you stressed about having all your family and your husband's family here at Christmas?"
a friend asked. "Of course not," I replied. "I'm sure we all drive
each other nuts sometimes, but we never argue; it's not like Chevy Chase's Christmas
did I know that the holiday would end with shouts of anger, accusations, hurt
feelings and many tears. It seems no matter how perfect your family may be, there
is always a chance that the stress of the holidays can blow emotions out of proportion.
When you live with a chronic condition it can feel like the odds are even less
in your favor. "The hardest part of the holidays is the unrealistic expectations
my extended family has of us," shares Liz C. "They truly do not get
that I have long-term health problems. The best I can do is pray that God will
give them a big dose of understanding each year."
most of us have come to realize over time is that the term dysfunctional describes
nearly all families on some level. None of us function effectively, one hundred
percent of the time. But that doesn't mean we love our family any less. In a poll
taken two years after the 9/11 tragedy, 78% of the respondents said their family
was more of a priority than before 9/11-an increase compared with the 69% who'd
said the same thing right after the attack.
are some ways to keep your holiday family gatherings going smoothly:
Lisa Lorden, former editor of Fibromyalgia Online
writes, "[Illness] oftentimes makes [our loved ones] feel helpless and uncomfortable,
and they may behave in awkward ways or simply feel the need to create distance.
Their emotions of fear, disappointment and loss are often complicated by feelings
of guilt for being healthy. . ." Assume that your family loves you and that
their lack of understanding or insensitive comments about your illness or limitations,
come from their own awkwardness. Seeing your battle with illness worries and saddens
them. When I've had a bad flare during the holidays I've had some family members
hardly mention it. I've also had them act remote and distant when I used a wheelchair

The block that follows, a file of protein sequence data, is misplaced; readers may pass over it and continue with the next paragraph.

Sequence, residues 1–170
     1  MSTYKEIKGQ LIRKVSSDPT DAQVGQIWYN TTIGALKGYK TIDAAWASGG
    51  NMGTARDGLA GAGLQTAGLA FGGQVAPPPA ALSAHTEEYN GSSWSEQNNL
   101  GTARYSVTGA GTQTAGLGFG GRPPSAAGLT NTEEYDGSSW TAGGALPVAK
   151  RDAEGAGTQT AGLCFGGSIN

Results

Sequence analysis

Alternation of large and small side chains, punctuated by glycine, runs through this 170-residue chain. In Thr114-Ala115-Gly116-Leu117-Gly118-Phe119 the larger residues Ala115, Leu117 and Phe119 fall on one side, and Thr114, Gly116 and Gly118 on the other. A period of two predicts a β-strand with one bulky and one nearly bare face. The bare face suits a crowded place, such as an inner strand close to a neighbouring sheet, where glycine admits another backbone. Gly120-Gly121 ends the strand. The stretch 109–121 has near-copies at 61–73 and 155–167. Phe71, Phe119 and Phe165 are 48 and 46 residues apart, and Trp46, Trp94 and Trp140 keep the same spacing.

at an amusement park for a holiday outing. Their anger and frustrations were at
the illness itself, and not at me, but sometimes it felt like no one even noticed
I was in pain. Remind yourself that they do care, but they may not always show
it in the ways you would prefer. Leona S. shares, "My family seem to think
that they have to fix me versus just visit with me." Although this can be
frustrating, recognize their heart and just try to get through the day. They are
grieving your illness too.
Go of the Guilt
When we live with illness we feel like the more we try
to meet other people's expectations the more we fail. "My family does Christmas
like Martha Stewart," shares Karey. "They always have large gatherings
full of wonderful desserts and lots of presents with the fancy wrappings. When
I show up with a few presents in gift bags, I feel like I'm not keeping up."
Judy says, "My family expects me to do most of the work [preparing for the
holidays] because I don't work."
Where is God?, Sherri Connell writes, "There can be a be a lot of resentment
towards people with debilitating illness because they are not able to help out
as much as they would like or even at all. It is very difficult for us to understand
how they can say they are unable to lend a hand when they look perfectly capable."
If you need to go take a nap, just do it! Your first priority is to take care
of yourself so you can enjoy their company as much as possible. Just tell people
you needed some extra "beauty sleep" and laugh it off. Or casually explain
to them that you aren't deserting them, but just taking some time out to take
care of yourself.
Flanary Gareth, pastor of Glen Rock Church of Christ in PA says,
"Refuse to argue. There are certain people who love to draw you into arguments
because this is the way they get attention. When they draw you into an argument
they feel like they are controlling you." If an argument begins to occur,
just calmly walk away. Arguments will just drain your energies and your spirit,
and in the end nobody's opinion will have changed. Proverbs 12:16 says, "When
a fool is annoyed, he quickly lets it be known. Smart people will ignore an insult."
Control how you respond. It's tough, but worth it!
Researchers have found that just one extra 20-second hug-or
10 minute of hand-holding-can make you feel more happy and relaxed. Dr. Joyce
Brothers wrote an article for Parade Magazine on families (March 7, 2004). "Take
the first step. Don't stint on hugs and compliments-and don't forget smiles. When
apart, write notes or send e-mails or videotapes of events. Make yourself available
to help out when needed. Or simply help without being asked." If people have
been out of touch with you and have briefly heard third-hand about the difficulties